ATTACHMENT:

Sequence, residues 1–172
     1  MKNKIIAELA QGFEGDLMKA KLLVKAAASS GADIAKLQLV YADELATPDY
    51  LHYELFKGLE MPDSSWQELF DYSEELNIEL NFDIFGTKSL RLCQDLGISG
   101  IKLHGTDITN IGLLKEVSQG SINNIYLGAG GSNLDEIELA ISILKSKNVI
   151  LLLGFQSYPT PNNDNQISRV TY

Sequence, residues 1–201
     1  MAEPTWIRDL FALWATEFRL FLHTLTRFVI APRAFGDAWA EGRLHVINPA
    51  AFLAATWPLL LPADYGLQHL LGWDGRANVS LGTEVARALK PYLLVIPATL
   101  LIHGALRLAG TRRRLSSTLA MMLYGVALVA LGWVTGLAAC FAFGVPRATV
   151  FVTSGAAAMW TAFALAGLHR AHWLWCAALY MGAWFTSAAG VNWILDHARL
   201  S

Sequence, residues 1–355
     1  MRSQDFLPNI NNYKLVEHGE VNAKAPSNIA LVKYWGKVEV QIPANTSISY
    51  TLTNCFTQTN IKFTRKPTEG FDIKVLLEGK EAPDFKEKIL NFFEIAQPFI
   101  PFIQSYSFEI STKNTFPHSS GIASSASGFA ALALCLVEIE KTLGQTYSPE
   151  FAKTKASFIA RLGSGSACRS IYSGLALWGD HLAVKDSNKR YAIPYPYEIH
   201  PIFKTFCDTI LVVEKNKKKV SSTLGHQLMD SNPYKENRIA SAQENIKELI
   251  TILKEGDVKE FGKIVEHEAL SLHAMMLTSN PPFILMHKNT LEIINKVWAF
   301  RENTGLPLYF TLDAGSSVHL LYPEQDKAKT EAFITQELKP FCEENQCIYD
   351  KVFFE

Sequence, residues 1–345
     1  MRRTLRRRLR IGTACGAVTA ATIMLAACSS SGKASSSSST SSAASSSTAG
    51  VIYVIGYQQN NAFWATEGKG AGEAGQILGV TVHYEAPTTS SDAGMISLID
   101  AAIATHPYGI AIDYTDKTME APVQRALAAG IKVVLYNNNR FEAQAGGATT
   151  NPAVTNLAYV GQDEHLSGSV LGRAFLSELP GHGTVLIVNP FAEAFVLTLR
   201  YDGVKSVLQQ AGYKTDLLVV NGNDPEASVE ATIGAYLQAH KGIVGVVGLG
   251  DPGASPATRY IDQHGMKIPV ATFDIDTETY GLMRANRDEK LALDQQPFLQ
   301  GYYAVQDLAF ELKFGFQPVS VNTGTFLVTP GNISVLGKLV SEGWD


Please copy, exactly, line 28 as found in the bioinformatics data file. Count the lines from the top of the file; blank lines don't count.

   301  GYYAVQDLAF ELKFGFQPVS VNTGTFLVTP GNISVLGKLV SEGWD